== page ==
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  • About
  • The Global ETD Search service is a free service for researchers to find electronic theses and dissertations. This service is provided by the Networked Digital Library of Theses and Dissertations.
    Our metadata is collected from universities around the world. If you manage a university/consortium/country archive and want to be added, details can be found on the NDLTD website.

Zimbabwean land and Zimbabwean people : creative explorations /

Anchors, Joshua Caine, January 2002 (has links)
Thesis (M.A.) in English--University of Maine, 2002. / Includes vita. Includes bibliographical references (leaf 118).

The bright lights grow fainter : livelihoods, migration and a small town in Zimbabwe /

Andersson, Agnes. January 2002 (has links)
Dissertation--Philosophy--Stockholm university, 2002. / Bibliogr. p. 185-206.

L'Héritage de Zimbabwé /

Bogomas, Efimie Vasilievitch. January 1978 (has links)
Thèse--Lettres--Paris VII, 1975. / Bibliogr. p. 565-576.

An exploration of the experiences of women with disabilities in a rural setting: the case of Insiza District, Zimbabwe

Tondori, Albert January 2016 (has links)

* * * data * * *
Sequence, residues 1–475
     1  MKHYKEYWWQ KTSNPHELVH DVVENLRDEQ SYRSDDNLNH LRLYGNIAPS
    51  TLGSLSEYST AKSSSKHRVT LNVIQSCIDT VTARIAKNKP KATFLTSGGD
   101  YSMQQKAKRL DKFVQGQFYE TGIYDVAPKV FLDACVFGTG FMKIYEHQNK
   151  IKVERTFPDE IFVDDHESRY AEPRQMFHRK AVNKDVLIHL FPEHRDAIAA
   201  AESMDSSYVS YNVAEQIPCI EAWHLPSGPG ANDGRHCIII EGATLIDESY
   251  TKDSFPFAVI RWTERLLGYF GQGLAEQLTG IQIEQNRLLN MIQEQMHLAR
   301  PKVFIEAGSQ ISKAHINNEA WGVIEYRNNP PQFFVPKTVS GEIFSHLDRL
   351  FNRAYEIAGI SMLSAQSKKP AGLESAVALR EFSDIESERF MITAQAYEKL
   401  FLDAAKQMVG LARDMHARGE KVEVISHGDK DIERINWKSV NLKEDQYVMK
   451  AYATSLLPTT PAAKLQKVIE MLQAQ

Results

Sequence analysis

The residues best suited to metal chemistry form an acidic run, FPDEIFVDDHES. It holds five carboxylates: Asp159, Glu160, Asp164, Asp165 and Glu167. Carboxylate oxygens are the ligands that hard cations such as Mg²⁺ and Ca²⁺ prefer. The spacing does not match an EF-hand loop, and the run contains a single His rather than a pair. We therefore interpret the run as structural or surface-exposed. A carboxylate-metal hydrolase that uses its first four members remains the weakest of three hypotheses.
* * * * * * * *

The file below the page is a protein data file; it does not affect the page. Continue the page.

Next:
A research report submitted to the department of Development Studies in partial fulfilment of the requirements for the degree of Master of Arts in Development Studies September 2016. / This study aimed to explore the challenges experienced by women with disabilities in a rural setting, and the coping strategies they adopt in a time of economic crisis in Zimbabwe. The study made use of a qualitative exploratory design which necessitated the use of interviews (in-depth and semi-structured) and focus group discussions (FGDs) conducted in Insiza District, Matabeleland South Province in Zimbabwe. The study consisted of two different categories of participants which were: key informants (community leaders, government officials, non-governmental officials) as well as the subjects of the study who are women with disabilities. The study aimed to explore the experiences of rural women with disabilities. In this endeavour the study also illuminates how the economic crisis in Zimbabwe further constrains the already disadvantaged women with disabilities in a rural setting, who have to contend with multiple identities: being persons with disabilities, being poor women and inhabitants of a rural setting where resources are scarce, and being citizens of a country experiencing an economic downturn. The findings from the study were understood through the explanatory framework of the Capabilities Approach (CA). The study argues that the approach to disability in Zimbabwe is unsystematic, individualistic and paternalistic, thereby imposing upon women with disabilities multiple levels of oppression / GR2017